Any family member who has had a loved one touched by cancer – or any American who has seen the images of children being treated at hospitals like St. Jude or M.D. Anderson – knows there are heart-breaking, innocent faces behind the cancer statistics.
The FDA committee heard one such story at their meeting. Emily Whitehead, now 12, became the first pediatric patient to receive the CAR-T cell therapy five years ago. She was near death when she began the course of treatment. Everything had been tried; nothing had worked. The experimental drug was the only option left. Her father spoke at the FDA committee meeting and recounted that the medicine was her only hope, and without hope, they had nothing.
Emily had a severe adverse reaction to the therapy, but she was treated for it and survived. Actually, she did a lot more than that; she thrived. Her cancer was eradicated and remains gone today. There she sat last Wednesday, an angel – happy and smiling – as her father urged the committee to let other kids experience the miracle Emily had.
At the 2017 BIO International Convention last month in San Diego, our theme was “breakthrough,” and our message was that every seismic medical advance begins with one breakthrough – one patient, one treatment, one family’s hope that they will beat the odds. When the story of CAR-T gene therapy is written, we will always remember that Emily was the first.
Our hope now is that the Novartis breakthrough will be the first in a coming wave of approvals for personalized medicines customized to help patients beat disease using their own modified cells. This is why I love being part of the biotechnology community. Each small advance builds on the next until we accomplish something that few had dared to dream was possible. If, as expected, the FDA grants final approval for the Novartis treatment, it will be the first gene therapy ever approved for commercial use in our country. But it won’t be the last.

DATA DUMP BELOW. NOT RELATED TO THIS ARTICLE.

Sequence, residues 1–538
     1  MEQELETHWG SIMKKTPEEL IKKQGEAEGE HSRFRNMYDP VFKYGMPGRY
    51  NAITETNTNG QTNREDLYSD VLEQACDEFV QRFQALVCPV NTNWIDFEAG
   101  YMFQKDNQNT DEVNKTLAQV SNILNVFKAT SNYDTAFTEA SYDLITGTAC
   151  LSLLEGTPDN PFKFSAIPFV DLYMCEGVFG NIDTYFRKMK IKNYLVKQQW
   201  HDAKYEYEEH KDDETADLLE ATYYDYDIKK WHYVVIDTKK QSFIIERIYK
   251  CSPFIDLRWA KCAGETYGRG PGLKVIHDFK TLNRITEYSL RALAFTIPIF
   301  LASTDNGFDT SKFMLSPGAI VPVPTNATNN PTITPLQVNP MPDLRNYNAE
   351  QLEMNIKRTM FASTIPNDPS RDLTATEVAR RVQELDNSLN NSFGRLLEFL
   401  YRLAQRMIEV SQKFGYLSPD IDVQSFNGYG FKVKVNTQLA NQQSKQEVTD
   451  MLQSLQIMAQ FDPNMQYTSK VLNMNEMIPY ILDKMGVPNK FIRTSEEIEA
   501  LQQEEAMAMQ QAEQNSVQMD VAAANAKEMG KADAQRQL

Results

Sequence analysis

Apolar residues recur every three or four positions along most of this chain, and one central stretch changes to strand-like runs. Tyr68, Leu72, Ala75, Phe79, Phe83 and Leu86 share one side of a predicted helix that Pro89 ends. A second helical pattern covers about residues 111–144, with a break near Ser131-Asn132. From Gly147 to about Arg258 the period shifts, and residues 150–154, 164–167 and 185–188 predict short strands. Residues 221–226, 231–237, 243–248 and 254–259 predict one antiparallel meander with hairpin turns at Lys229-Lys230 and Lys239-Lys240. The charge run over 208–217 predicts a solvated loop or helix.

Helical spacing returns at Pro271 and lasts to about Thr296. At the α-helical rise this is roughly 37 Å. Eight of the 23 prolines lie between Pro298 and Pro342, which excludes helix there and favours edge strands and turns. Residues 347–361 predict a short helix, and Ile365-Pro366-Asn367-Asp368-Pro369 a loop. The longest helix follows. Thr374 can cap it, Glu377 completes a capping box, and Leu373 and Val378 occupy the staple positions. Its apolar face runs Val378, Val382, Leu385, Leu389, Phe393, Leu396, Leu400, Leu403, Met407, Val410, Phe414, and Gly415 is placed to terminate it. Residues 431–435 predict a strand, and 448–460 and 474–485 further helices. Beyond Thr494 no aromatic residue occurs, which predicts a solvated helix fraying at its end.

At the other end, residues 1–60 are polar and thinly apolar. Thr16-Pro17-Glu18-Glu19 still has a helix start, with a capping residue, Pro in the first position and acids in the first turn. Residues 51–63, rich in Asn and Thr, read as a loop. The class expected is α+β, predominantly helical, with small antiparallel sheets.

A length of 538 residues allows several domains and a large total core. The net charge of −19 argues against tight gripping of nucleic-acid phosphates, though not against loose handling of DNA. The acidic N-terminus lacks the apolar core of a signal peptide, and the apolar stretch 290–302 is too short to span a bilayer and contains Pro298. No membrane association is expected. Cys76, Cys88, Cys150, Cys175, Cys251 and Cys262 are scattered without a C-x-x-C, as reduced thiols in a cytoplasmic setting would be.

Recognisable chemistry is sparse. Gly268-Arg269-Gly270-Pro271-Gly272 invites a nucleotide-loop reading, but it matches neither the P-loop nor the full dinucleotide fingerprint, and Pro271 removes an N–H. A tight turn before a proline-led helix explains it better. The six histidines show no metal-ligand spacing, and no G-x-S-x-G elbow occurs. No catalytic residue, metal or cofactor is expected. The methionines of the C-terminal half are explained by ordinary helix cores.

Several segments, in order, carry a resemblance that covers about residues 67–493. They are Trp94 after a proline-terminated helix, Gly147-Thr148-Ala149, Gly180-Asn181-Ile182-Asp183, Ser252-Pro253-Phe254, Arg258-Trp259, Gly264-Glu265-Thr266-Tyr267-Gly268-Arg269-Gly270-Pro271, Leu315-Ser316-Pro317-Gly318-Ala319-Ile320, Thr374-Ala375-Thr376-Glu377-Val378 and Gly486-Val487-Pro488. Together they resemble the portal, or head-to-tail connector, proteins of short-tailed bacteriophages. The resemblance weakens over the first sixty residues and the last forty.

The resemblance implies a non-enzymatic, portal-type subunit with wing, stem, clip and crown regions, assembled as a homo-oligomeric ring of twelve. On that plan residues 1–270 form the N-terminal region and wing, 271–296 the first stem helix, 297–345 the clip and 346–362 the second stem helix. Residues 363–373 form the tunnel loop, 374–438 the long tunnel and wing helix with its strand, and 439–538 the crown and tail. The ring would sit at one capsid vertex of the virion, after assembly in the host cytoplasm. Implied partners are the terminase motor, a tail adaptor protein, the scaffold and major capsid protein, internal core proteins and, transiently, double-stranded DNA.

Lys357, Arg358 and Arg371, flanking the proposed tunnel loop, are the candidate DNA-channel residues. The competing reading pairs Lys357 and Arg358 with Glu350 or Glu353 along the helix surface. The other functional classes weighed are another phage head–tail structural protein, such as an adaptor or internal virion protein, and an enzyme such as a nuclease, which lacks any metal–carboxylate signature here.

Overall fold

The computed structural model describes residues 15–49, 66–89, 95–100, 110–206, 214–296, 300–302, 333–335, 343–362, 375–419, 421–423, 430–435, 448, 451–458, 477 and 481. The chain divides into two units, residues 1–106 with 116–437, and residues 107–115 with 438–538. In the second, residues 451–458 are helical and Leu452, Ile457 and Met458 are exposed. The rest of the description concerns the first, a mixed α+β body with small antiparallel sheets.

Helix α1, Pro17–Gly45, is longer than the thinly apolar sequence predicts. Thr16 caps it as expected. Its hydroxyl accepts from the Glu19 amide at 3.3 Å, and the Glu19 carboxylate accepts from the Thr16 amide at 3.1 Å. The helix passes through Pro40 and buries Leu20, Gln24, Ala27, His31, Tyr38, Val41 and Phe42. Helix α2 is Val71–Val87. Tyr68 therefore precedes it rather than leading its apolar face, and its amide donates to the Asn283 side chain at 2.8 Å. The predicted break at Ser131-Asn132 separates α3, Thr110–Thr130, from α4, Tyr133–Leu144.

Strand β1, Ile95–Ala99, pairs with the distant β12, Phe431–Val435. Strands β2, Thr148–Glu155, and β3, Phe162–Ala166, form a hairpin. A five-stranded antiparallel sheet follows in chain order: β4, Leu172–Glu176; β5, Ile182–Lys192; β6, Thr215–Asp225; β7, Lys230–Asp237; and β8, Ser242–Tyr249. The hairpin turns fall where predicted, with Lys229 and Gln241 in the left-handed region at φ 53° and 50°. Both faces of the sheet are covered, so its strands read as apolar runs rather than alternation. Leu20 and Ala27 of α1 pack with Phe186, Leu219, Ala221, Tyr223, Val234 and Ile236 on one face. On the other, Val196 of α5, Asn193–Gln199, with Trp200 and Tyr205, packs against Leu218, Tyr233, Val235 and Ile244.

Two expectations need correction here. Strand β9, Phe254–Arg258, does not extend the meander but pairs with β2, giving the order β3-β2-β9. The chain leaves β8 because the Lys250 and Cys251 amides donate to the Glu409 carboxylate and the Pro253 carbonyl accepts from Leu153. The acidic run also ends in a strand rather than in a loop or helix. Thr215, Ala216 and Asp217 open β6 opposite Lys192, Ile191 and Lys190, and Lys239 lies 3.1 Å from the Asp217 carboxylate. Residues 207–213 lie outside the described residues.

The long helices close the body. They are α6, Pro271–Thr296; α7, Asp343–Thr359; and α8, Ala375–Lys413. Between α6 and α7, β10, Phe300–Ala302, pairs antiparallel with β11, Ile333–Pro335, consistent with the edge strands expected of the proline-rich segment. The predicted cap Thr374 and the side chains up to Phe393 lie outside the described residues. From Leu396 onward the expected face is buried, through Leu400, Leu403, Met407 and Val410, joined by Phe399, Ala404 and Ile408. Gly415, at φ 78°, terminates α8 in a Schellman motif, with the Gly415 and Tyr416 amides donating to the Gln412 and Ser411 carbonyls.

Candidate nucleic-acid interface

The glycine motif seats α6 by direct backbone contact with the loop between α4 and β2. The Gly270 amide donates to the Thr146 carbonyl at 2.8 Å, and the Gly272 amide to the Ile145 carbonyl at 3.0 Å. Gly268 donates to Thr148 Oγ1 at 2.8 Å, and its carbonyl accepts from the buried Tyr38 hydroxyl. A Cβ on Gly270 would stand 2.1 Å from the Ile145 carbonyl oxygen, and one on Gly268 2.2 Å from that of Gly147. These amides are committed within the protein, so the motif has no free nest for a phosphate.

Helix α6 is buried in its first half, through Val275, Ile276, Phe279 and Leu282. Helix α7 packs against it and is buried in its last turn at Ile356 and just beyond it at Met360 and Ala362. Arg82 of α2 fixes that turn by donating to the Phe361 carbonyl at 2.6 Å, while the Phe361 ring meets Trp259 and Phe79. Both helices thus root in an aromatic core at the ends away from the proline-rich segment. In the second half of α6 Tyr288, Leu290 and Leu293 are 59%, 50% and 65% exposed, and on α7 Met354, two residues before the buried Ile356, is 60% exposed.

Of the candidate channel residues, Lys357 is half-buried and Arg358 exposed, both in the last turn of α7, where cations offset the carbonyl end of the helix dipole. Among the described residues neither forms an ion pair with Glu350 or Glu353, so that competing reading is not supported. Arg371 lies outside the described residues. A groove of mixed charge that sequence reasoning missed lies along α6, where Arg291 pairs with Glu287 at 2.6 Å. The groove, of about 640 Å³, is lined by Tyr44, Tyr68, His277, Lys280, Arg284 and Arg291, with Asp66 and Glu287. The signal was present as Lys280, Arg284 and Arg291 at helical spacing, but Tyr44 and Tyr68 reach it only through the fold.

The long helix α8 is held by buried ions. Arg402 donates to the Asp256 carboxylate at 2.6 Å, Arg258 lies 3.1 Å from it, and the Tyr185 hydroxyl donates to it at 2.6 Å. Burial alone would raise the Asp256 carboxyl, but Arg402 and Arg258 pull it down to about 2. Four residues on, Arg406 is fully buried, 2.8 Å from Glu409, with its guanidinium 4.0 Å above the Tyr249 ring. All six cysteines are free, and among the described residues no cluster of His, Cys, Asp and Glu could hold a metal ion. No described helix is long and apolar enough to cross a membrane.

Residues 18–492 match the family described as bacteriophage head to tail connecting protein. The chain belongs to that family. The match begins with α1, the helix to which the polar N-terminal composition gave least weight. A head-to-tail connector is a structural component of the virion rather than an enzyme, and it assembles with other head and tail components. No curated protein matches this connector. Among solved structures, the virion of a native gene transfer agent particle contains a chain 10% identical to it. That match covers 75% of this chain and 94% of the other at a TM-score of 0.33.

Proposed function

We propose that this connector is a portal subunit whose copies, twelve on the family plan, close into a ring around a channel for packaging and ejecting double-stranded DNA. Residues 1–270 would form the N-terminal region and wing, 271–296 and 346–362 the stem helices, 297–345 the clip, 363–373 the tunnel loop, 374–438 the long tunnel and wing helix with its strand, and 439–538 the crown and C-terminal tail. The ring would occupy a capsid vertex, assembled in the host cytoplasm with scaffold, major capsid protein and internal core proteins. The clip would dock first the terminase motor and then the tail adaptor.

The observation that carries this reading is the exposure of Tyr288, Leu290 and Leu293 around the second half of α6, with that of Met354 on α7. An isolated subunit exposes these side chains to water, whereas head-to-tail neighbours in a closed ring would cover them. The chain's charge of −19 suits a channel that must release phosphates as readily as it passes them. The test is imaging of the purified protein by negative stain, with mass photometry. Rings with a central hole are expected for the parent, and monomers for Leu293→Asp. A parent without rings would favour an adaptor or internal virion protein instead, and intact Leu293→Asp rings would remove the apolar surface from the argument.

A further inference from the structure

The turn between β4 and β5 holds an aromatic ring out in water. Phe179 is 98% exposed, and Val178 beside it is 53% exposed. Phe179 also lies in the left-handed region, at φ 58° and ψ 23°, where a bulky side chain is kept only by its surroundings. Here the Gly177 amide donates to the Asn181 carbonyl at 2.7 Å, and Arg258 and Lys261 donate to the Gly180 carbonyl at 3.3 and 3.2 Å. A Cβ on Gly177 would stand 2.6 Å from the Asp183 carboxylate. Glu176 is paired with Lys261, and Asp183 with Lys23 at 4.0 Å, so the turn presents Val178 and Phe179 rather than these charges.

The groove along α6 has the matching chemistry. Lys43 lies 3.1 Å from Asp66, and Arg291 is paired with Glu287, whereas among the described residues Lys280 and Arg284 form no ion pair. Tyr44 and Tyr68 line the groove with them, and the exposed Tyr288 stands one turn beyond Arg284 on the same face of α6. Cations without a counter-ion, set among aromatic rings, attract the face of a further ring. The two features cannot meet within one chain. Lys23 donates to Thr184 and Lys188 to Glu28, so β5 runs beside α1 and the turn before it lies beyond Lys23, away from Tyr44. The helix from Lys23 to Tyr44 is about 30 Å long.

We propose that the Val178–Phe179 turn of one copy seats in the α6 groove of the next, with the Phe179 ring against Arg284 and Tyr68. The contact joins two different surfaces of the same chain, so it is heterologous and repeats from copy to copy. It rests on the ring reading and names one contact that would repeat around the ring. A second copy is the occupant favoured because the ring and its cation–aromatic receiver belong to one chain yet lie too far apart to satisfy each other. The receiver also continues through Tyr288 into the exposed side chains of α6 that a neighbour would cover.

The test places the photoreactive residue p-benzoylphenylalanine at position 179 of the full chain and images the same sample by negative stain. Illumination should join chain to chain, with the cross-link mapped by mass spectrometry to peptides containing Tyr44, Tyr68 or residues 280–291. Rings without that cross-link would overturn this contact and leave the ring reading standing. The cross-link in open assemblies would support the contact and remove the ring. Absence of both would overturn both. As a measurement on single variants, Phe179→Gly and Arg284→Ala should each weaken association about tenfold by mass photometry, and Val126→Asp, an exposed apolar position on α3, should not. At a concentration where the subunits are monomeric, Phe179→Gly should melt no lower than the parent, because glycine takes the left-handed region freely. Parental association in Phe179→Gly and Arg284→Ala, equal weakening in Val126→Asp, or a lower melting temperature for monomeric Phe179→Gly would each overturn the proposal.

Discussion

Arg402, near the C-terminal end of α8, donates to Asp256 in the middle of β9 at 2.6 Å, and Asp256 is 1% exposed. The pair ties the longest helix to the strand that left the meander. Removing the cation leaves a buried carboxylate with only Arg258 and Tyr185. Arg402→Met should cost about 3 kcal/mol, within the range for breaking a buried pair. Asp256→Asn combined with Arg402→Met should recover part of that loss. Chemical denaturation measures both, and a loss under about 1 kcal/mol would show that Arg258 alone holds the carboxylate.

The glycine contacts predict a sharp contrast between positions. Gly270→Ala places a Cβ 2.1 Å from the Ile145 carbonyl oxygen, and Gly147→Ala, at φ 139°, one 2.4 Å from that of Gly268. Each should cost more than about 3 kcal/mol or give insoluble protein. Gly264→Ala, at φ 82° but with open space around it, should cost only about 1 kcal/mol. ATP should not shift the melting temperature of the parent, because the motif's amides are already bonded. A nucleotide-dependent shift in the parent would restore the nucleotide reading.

Today, CAR-T therapy is seen as a route to healing for young people tragically affected by a rare leukemia unresponsive to available treatments. Tomorrow, who knows? Already, there are investigations under way to determine if this method can be used to treat other kinds of cancer in different patient populations. Once again, we find ourselves standing at the brink of discovery. And even if we fail, we learn. Then, we try again applying those learnings. This is how the CAR-T cellular method was discovered, and it’s how it will be perfected and broadened in its applications.
Congratulations to every scientist, researcher, business person, medical professional and clinical trial volunteer who played a role in the development of this therapy. On behalf of desperate patients around the world, thank you. There’s no telling how far this one breakthrough will take us, but I have great confidence that Emily will be the first – not the last – to be given the greatest gift because of our industry’s tireless work on this breakthrough.